Importance of Gateway Horror
The phrase “Submitted for the approval of the Midnight Society…” instantly conjures images of a lurid story title and a burst of flame having an unknown powder thrown into it (we now know was non-dairy creamer). To cap off a week of programming every Saturday night the kid-centric television channel Nickelodeon opted to give their target audience a horror show in the form of Are You Afraid of the Dark. This was far from the only show with spooky elements meant for young audiences as there was also the likes of: Eerie, Indiana, The Real Ghostbusters, The Grim Adventures of Billy & Mandy, Gargoyles and more. Outside of the idiot box, the shelves of libraries and book stores proudly featured the works of Christopher Pike, Alvin Schwartz & Stephen Gammell, and RL Stine who were quite content to give young readers literary-inspired nightmares. For an entire generation these elements served as their introduction to a genre which has been a part of storytelling for millennia, the horror genre.
While kids of the 80’s and 90’s had their own age-oriented horrors, media from the previous generation of young horror fans also came down to them as well. While the Boomer generation is now stereotyped with being greedy monsters looking to trample civil rights and climate change the planet into oblivion many of them were once “Monster Kids”. They came of age when the Universal Monsters and other classic horror flicks were making their debuts on TV often presented by a local horror movie host like Sivad, Vampira, or Zacherly the Cool Ghoul. They were the first generation to be introduced to Scooby-Doo. On the magazine racks the advent of publications centered around monster movies captured youthful readers, most prominently Famous Monsters of Filmland from their beloved “Uncle Forry” Forrest J. Ackerman.
It seems like as long as kids have wanted to be entertained there has been something there to scare them even if it was something as simple as ghost stories around a campfire. “Gateway horror” is a relatively new term thrown around to describe the shows, comics, movies, books, etc intended for a younger audience. While this is not a new phenomena it exploded like many things elements of consumerism in the years following the Second World War. Nowadays there are countless adults who love all things horror and they can happily trace their passion back to the first time they read a Goosebumps book or learned that “Wolf Man has nards” or caught an episode of Courage the Cowardly Dog. No matter what overprotective parents may say, it is good for children to be scared. It teaches them that there are things in the dark worthy of being cautious of instilling them with a smart sense of self-preservation. There have been numerous studies showing that watching horror entertainment is linked with being able to react cleverly and rationally in real scary situations. On the flipside it also gives them way to channel their own fears and see them confronted perhaps inspiring a sense of courage within themselves. But most of all, horror is damn entertaining there is a reason it continuously inspires such passion from a large number or people. It provides something for people that no other genre seemingly can.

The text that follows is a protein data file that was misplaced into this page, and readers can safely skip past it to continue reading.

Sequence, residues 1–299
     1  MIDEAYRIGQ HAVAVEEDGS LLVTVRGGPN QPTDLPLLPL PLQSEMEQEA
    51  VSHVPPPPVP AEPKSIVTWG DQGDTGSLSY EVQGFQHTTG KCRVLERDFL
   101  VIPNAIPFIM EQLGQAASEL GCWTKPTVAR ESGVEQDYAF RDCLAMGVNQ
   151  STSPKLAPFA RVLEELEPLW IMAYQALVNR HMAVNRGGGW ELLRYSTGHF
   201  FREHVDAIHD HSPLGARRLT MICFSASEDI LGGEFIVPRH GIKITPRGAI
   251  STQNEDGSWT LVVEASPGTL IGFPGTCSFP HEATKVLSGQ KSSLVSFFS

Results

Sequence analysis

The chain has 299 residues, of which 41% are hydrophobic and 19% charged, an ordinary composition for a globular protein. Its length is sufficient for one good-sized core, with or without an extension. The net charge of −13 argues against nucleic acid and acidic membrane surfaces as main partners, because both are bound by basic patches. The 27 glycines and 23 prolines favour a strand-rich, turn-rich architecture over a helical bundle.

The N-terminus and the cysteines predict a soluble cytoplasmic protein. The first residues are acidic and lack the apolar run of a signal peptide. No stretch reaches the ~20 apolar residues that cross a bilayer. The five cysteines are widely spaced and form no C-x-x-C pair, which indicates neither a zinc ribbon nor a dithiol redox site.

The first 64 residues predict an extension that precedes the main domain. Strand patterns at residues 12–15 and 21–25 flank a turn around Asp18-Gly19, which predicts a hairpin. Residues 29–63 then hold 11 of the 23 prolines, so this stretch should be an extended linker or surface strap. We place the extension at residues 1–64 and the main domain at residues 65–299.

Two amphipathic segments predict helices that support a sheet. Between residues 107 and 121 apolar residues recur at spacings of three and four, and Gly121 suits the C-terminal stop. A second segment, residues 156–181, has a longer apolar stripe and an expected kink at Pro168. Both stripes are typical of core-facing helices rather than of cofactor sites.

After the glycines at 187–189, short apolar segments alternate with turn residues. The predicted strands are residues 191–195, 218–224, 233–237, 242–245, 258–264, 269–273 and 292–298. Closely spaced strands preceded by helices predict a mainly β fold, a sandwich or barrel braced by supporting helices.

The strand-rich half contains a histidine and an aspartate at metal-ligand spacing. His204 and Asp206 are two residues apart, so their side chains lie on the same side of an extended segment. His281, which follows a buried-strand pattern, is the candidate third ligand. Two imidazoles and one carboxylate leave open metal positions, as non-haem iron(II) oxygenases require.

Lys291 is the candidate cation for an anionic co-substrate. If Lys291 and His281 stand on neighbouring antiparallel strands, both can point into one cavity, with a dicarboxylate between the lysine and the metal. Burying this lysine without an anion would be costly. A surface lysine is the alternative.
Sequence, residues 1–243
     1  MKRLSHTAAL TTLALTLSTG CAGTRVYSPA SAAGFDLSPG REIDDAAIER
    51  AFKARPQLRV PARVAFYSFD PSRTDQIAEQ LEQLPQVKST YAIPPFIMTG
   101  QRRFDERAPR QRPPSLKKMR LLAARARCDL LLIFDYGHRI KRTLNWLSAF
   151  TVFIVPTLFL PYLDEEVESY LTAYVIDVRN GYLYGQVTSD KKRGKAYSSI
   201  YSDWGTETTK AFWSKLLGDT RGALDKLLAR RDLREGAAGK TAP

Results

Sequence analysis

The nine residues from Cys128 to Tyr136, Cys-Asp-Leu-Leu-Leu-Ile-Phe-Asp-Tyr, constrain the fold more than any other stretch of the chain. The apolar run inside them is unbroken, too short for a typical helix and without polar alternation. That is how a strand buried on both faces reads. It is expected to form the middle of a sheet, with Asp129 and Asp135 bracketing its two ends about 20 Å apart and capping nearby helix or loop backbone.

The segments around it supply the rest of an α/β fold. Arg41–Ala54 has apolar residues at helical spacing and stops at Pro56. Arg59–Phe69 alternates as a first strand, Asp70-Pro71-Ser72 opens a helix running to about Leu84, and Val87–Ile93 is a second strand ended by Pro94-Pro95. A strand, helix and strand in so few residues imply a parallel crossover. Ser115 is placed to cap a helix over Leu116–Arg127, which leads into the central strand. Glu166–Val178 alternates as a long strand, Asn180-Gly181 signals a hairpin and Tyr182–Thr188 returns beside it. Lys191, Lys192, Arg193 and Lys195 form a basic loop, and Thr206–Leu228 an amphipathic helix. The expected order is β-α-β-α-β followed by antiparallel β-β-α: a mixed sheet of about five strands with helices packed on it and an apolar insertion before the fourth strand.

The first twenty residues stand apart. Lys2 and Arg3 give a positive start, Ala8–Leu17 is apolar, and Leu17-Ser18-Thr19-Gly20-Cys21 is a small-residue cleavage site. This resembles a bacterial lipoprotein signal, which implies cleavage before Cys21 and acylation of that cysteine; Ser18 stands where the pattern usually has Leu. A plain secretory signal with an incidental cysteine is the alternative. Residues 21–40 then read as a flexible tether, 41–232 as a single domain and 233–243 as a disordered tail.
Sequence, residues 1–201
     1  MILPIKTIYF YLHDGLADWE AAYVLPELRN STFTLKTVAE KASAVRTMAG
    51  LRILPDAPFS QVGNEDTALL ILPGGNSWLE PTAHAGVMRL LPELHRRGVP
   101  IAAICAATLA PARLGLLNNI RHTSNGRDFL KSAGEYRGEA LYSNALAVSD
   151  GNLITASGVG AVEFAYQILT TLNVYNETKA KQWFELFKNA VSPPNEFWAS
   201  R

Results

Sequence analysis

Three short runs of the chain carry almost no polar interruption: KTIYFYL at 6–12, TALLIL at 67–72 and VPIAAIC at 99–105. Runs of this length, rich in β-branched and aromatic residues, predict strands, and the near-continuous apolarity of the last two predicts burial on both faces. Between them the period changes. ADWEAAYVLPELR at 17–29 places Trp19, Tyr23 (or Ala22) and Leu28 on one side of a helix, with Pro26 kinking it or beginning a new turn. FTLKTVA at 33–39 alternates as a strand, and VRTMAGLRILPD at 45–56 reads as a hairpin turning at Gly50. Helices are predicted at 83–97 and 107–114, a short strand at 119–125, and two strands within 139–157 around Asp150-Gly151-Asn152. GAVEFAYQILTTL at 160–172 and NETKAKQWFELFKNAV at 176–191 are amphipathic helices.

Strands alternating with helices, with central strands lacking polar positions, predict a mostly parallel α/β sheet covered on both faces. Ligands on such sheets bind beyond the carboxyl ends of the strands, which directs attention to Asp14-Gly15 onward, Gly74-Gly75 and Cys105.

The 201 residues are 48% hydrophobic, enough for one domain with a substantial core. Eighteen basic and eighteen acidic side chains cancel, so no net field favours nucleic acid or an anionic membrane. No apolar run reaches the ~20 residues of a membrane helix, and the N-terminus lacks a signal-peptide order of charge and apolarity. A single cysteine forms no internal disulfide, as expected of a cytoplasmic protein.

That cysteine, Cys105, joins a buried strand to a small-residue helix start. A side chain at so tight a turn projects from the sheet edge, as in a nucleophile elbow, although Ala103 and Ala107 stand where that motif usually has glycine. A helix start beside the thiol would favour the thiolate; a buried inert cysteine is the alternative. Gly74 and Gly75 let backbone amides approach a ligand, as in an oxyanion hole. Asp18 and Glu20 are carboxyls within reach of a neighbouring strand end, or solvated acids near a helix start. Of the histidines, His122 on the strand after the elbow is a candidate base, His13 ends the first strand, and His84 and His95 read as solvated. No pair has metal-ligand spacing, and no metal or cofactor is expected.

It is incredibly important for younger humans to discover horror in all of its grim glory and the way they do that is through gateway horror. Sadly it seems as though this style of storytelling is nowhere near as prevalent as it once was. This may largely have to do with the increasing corporatization of entertainment by only a handful of companies who above all would like to play it safe to appeal to as broad of range of people as possible. There was a time when Disney films was the introduction many youths had to scarier elements in storytelling but that has not been the case in a number of years. In 2011 when Harper Collins rereleased the Scary Stories to Tell in the Dark books they omitted the iconic and unnerving artwork of Stephen Gammell with more by-the-number illustrations from Brett Helquist. There is still a market out there for kids who want scary things as the success various TV shows can attest. While the House of Mouse may shy away from being scary for kids on the big screen, on the small screen they gave viewers shows like Gravity Falls and Owl House. Stranger Things producer Shawn Levy recently gave an interview with the Hollywood Reporter where he expressed a certain surprise that so many viewers fall into the 9-13 age range. Why that is surprising to him, I am not sure as the wildly popular show shares so much DNA with the many forms of media which introduced the previous generation of horror fans to the genre when they were that age. In rebooting The Munsters, rockstar turned filmmaker Rob Zombie made a point of breaking away his usual trashy vulgar style to get a PG rating with the express purpose of drawing in younger viewers. We know this audience is out there because the recent animated Addams Family films pulled in big box office numbers. Hopefully the decision makers at the top realize that kids do indeed like the spooky and macabre tailored to their age range. They say young people are our tomorrow so we ,must instill them with a healthy sense of today.